Every year, we all get treated to a country-by-country breakdown of average broadband speeds. In recent years, several traditional economic powerhouses find themselves somewhere down in the middle of the rankings. This is a group of countries used to being leaders, so lagging in any way tends to chafe.
In cable, the cable modem and the television converter loom large as signatures of technological advancement. But industry historians point to a far less notorious device as the innovation that propelled the industry from its tenuous origins to an echelon reserved for the truly game-changing. It was a signal meter.
Patents are still very much in the news. I discussed a broad review of patents in my last column. This month, I will drill down a bit. I hope you went to Google Patents and downloaded one or more just to see what they look like. Only utility patents will be discussed.
In the “Star Wars” saga, the legendary Jedi Obi-Wan Kenobi describes the “Force” as an energy field that “surrounds us; it penetrates us and binds the galaxy together.” In a similar fashion, the move to “open-source” software binds together the many moving parts of the ever-expanding galaxy of software and electronics devices.
The race is on to develop the next-generation access signaling schemes for cable operators to keep up with Nielsen’s Law growth in network capacities and speeds delivered to customers. CableLabs and the SCTE have partnered in new and deeper ways to accelerate the deployment of DOCSIS 3.1.
The FCC has a plan to induce broadcasters to give up some of their frequency spectrum assignments so that more spectrum becomes available for mobile communications. But the FCC plan might also bump the radio astronomy scientists out of off-air TV Channel 37.
With IP-based video technology maturing, there is a growing number of smaller companies able to provide subscribers in their typically exurban-to-rural areas with services and features that include larger packages of top-ranked channels (with more of those channels in HD), multi-room DVR, TV Everywhere-type services and hybrid features like Caller ID on TV.
Cable operators, telecom carriers, satellite providers and other service providers are racing to build the infrastructure necessary for delivering any program, on-demand or live, to any device at any time and over any access network. Being first to market with that ability could be a tremendous advantage.
Cable operators may have a golden opportunity in the business services market. Old-style PBXs in the enterprise equipment market are gradually being updated to IP PBXs. On the one hand, some new IP-based services are possible with these new systems. On the other hand, however, TDM trunking of those IP PBXs is still the predominant method of interconnection.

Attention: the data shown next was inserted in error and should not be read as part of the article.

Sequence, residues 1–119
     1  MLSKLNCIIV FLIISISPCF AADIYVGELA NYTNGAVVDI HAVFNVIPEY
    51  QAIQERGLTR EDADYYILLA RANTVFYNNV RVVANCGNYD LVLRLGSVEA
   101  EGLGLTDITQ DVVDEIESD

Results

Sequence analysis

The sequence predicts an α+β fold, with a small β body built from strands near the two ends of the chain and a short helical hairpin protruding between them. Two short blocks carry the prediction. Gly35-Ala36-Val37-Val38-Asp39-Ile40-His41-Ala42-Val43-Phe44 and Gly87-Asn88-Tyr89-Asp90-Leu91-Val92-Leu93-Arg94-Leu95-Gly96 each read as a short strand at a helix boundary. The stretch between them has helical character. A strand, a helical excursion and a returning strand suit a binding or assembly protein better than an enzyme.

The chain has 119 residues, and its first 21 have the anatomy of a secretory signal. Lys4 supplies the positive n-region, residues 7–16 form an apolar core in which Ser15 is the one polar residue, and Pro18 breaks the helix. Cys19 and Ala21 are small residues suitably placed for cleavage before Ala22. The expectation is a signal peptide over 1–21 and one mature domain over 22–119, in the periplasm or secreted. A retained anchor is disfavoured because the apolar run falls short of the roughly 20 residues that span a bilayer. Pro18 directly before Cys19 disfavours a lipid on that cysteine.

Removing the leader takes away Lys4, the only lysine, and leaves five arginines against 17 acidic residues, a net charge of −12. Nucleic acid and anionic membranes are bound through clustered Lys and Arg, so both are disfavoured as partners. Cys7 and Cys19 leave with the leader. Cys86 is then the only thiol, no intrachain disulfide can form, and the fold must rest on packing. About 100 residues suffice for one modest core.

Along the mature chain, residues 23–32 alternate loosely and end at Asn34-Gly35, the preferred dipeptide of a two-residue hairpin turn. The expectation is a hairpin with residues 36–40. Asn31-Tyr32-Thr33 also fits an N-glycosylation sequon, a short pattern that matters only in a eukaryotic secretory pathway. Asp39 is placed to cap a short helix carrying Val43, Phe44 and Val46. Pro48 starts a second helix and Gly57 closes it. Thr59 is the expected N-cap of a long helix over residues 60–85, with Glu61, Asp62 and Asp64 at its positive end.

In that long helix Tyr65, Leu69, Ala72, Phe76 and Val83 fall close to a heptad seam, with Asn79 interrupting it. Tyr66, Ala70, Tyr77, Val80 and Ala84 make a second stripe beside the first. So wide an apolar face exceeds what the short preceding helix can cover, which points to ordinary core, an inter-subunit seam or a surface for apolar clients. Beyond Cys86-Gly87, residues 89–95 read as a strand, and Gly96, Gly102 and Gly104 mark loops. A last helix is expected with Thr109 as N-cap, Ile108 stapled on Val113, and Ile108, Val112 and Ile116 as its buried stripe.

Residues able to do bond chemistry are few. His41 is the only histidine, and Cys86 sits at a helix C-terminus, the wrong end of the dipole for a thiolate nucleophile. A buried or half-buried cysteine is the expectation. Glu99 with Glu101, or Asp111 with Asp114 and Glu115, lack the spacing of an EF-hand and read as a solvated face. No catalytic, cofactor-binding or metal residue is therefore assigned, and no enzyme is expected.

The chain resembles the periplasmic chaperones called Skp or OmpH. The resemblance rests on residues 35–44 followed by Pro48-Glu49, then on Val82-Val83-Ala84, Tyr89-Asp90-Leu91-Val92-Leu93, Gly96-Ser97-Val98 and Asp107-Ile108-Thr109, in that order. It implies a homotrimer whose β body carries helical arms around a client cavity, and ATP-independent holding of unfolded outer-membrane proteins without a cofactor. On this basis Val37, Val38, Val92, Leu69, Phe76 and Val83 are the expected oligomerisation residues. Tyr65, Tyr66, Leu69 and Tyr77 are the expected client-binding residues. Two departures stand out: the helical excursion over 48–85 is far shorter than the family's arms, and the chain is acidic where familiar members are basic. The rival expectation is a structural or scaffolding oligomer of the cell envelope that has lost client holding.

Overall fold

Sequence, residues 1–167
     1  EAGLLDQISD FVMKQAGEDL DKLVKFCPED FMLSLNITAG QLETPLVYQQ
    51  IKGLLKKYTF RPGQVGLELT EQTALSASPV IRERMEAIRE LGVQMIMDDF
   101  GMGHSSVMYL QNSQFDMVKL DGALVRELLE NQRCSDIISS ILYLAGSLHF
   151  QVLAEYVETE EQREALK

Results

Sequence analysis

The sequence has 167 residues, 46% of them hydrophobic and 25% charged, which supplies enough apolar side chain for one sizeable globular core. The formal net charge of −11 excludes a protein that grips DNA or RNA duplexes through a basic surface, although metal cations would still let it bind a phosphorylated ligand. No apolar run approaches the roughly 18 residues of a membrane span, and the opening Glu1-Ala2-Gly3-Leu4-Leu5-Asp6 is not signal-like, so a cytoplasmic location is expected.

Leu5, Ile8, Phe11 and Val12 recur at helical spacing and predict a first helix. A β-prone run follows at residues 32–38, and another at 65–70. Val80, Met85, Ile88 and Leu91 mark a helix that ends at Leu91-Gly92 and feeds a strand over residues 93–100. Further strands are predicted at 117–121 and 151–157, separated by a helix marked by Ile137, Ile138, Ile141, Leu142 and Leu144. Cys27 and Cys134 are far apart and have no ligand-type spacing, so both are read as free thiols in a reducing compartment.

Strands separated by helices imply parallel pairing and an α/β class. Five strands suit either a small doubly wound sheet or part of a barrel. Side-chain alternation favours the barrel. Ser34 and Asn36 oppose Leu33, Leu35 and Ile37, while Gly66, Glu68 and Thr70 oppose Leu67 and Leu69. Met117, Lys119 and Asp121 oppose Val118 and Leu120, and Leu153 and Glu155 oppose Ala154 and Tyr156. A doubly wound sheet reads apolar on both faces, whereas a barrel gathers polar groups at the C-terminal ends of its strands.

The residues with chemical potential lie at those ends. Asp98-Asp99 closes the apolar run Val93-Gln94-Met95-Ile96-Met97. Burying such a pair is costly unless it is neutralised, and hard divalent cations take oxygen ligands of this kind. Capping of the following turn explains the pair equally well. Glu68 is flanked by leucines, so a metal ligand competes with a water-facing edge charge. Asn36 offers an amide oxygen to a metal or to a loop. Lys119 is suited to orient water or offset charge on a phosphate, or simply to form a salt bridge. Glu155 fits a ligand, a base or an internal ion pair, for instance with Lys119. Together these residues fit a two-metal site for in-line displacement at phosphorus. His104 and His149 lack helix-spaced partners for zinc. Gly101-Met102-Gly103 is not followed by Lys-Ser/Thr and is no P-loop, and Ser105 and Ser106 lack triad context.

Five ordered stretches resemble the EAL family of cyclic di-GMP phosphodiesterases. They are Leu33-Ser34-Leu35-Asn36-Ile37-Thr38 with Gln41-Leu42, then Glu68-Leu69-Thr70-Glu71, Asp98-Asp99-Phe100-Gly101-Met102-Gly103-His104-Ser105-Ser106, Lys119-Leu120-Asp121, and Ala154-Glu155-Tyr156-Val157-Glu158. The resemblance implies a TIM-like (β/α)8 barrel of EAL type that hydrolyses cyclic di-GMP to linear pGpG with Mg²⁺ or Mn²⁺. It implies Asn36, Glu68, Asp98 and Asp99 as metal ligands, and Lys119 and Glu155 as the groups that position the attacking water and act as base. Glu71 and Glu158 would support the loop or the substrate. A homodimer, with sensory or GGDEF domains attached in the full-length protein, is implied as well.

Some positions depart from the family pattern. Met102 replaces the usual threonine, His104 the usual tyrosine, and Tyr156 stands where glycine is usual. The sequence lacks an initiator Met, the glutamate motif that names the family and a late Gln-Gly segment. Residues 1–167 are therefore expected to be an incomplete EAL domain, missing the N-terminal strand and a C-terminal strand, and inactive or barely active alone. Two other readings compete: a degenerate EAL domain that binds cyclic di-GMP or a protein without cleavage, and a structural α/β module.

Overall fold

The ultimate product in the TV business is not content. It is the presumed attention of the viewers of that content, sold in aggregate to advertisers. Advertising has been the cornerstone of the TV business since back when the only screens available were the dials on radios.
Whether the delivery agent is Coca-Cola, coffee or chocolate, a solid jolt of caffeine has fueled the creation of many a technology breakthrough. So it’s only fitting that the first known demonstration of an Internet-delivered photo stream involved the popular stimulant.
Article I, Section 8 gives Congress the power to establish patent and copyright laws. Because it’s a constitutional issue, patent cases are tried in federal court and can be appealed all the way to the Supreme Court. A patent is the right to exclude someone from making, selling or using a patented invention.
While not every operator has rolled out a complete multi-screen TV Everywhere service offering, there is certainly sufficient activity worldwide for us to say that TV Everywhere is truly here. In fact, forward-thinking operators are already planning “what’s next” when it comes to TV Everywhere.
Dean Kamen is keynoting SCTE Cable-Tec Expo. There’s no way to say that without it sounding like a promotional announcement, but maybe that’s what it should be. Because no matter how innovative we are – and, trust me, my hat is off to the cable community when it comes to new approaches – no one exemplifies the entrepreneurial spirit and innovation like Kamen.
As those of us who participate in industry standards development are continually reminded, since standards have strategic and competitive importance, they must be developed using fair methods by committees that allow wide participation and consider all proposals.